Governments must enforce mask rules

When real lives are at stake, people have a duty. And when the people don’t uphold their duty, it is the duty of the government to make sure they do.

A surreal scene is playing out in small towns across America that are getting overrun by coronavirus.

In Florida, residents of Palm Beach County appeared at a local government hearing to attack their superiors for mandating that they wear masks. One resident said, “Masks are killing people.” Another said, “They want to throw God’s wonderful breathing system out the door.”

Despite the fact that coronavirus cases in the United States are hitting record highs, many Americans still refuse to wear face masks.

At the beginning of the epidemic, most Americans didn’t wear masks because they simply had no experience of wearing masks. Admittedly, I was skeptical at first too, but I got on board quickly when I saw other people wearing them and read the government’s suggestions and orders to do so.

The American government exacerbated the problem in March when they recommended against Americans wearing masks – falsely stating that it would “increase the risk of getting the virus.” By now, experts are recommending wearing masks, but the president is actively discouraging it.

One of the problems was that experts like the U.S. Surgeon General did not recognize how masks provided benefits to the whole population. Masks are not just about preventing the wearer from catching a virus; most importantly, they prevent the wearer from spreading the virus to others. Therefore, anyone who doesn’t wear a mask is violating everyone else’s natural rights.

Countries where masks were mandated like China, South Korea, Japan, and even European countries like Austria, had much fewer cases than those countries where mask wearing was not widespread.

Austria became one of the first European countries to mandate masks inside businesses on April 6. Since then, its case load has decreased by over 90%.

Now, American states and towns led by rational leaders are thinking about mandating masks. Sixteen states, including California, Hawaii, Michigan, and the District of Columbia, require people to wear masks in public places, which usually means only inside shops, although the virus can spread outdoors, too, albeit with less frequency.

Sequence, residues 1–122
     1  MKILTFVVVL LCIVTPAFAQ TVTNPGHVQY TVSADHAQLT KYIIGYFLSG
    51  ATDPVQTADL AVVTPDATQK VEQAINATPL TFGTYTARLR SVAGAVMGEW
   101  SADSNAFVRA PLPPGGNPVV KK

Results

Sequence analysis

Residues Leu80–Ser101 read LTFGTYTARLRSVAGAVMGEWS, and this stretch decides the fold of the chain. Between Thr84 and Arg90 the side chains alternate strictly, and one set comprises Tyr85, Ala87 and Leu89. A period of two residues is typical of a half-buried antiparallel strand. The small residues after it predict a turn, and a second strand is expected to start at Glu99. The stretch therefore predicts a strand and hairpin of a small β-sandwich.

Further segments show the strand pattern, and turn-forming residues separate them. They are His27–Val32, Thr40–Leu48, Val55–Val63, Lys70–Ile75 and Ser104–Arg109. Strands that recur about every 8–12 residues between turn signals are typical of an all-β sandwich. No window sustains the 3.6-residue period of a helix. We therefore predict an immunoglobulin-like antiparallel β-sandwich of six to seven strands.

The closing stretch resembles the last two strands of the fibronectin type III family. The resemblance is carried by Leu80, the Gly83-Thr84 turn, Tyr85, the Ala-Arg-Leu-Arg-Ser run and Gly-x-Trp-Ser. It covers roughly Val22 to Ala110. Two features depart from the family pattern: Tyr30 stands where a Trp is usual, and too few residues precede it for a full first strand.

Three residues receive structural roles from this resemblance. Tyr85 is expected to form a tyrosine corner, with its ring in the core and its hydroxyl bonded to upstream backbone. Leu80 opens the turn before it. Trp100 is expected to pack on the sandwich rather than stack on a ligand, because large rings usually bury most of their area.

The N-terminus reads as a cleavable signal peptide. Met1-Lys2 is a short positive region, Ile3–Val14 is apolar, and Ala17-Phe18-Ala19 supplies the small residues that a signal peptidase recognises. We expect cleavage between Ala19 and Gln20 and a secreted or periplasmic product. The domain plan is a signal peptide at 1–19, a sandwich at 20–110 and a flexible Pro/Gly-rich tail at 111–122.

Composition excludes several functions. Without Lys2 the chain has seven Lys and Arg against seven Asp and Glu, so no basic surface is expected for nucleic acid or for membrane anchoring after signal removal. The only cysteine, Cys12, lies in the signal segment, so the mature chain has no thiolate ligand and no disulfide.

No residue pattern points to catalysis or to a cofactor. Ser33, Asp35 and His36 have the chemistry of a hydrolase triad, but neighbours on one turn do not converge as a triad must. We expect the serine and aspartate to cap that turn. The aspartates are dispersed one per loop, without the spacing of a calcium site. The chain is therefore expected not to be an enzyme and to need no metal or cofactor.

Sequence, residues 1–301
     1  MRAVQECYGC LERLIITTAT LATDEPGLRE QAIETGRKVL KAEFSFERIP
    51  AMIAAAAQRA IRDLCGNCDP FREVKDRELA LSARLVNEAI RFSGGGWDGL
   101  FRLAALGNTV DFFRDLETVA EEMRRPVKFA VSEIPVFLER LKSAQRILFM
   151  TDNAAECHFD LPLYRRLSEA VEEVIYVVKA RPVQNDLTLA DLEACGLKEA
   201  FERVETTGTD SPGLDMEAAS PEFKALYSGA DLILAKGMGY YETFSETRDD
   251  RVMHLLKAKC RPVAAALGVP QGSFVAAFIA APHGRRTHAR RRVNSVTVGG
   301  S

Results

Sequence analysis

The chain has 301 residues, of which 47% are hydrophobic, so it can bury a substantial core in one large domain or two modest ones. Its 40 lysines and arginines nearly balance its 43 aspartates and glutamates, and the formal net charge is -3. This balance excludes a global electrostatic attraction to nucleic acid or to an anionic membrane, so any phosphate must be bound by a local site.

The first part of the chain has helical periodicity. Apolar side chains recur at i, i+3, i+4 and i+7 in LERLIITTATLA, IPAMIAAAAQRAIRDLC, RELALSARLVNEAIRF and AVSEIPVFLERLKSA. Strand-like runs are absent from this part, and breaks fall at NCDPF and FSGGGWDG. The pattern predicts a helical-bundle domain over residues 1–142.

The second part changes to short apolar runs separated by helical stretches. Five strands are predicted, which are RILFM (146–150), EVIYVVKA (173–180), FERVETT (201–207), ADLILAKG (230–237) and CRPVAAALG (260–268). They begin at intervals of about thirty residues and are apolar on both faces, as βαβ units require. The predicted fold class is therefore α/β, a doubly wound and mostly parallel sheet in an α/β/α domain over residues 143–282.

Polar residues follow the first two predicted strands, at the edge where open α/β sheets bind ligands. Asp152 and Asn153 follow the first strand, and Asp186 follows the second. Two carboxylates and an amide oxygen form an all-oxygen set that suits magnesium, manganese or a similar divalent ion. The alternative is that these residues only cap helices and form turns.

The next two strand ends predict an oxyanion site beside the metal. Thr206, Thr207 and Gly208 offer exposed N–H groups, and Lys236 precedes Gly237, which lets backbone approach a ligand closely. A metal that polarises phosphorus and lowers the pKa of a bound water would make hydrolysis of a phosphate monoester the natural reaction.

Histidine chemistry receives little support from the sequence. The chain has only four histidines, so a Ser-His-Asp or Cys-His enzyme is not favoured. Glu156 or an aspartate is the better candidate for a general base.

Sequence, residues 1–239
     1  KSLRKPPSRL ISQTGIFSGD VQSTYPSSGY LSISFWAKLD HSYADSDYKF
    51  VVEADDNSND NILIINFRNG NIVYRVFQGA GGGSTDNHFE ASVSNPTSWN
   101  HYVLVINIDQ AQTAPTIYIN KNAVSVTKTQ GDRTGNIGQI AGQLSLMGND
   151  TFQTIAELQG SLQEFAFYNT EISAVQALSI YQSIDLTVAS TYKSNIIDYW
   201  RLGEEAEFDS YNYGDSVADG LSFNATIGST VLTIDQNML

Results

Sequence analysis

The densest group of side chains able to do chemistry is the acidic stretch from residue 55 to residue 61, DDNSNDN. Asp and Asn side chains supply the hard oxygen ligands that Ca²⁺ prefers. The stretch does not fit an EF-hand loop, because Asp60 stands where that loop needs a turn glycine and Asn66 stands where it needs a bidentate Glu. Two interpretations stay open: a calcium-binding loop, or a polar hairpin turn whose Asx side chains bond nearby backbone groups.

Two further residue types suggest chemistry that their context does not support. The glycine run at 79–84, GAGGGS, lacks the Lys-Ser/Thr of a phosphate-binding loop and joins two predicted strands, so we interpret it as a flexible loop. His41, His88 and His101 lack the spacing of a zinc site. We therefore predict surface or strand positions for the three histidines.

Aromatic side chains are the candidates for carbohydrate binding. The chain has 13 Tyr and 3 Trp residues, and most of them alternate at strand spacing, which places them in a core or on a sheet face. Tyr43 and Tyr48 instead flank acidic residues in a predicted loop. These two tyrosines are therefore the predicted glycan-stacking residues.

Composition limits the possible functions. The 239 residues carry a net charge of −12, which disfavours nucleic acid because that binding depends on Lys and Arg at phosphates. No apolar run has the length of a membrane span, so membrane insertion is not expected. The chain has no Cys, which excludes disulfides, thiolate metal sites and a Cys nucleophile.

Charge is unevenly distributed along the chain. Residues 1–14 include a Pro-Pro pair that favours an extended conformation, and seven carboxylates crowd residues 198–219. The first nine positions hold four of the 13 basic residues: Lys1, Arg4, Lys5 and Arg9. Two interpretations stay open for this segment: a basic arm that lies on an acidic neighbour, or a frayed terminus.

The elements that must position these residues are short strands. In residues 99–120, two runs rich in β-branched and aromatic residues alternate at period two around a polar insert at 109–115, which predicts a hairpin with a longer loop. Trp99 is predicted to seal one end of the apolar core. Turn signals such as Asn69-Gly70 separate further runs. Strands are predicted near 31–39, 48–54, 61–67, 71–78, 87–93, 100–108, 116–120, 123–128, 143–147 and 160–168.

Many governors, however, have refrained from taking the responsibility to require masks. The issue has become pointlessly controversial in some quarters. There are Trump supporters who oppose mask-wearing because Donald Trump opposes it. There are conspiracy theorists who think that masks attract harmful 5G signals. American politicians are scared of losing reelection and unreasonably deferential to the views of loud, populist minorities. Hence most governors have made mask-wearing optional.

Many reputable businesses, however, have taken the initiative and now require that their customers wear masks. After all, a lot of customers are going to avoid retailers like Whole Foods and Costco if they see too many customers breathing and coughing everywhere.

Airlines have also required that their passengers wear masks. After all, crowding one hundred or so people into a tube and flying across the country is a good way to spread viruses.

People are supposed to wear masks inside the airport, too, but in major airports only about 70% of people are wearing masks inside the terminal. On the airplane, however, the flight attendants are able to enforce mask rules.

One right-wing activist learned that lesson on June 17. On a flight to Tulsa, Oklahoma to see Donald Trump’s inaugural campaign rally, Brandon Straka had his mask off. He falsely claimed that he had a “medical condition” – for which he could not produce a certificate – and was eventually made to leave the flight. Fellow passengers applauded as he walked off.

An overreaction? Hardly. As the U.S. has over 30,000 new cases of coronavirus a day, the U.S. has actually underreacted.

This is a life or death proposition for hundreds of thousands of people – not just on the medical side, but also on the economic and mental health side. Forty million Americans are unemployed, and if they cannot afford future medical bills or daily necessities, their health is also at risk.

The government, businesses, and the people must take actions to decrease the severity of the coronavirus crisis and to save lives. If they do not, they will be responsible for killing people. People who refuse to wear masks are responsible for killing people.

They, too, are responsible for the job losses and depression. Their decision to not wear a mask prolongs the crisis and the economic downturn.

This isn’t a time to show your partisan support of Trump by refusing to wear a mask. Not a time to joke or “troll” people. When real lives are at stake, people have a duty. And when the people don’t uphold their duty, it is the duty of the government to make sure they do.

Mitchell Blatt is a columnist with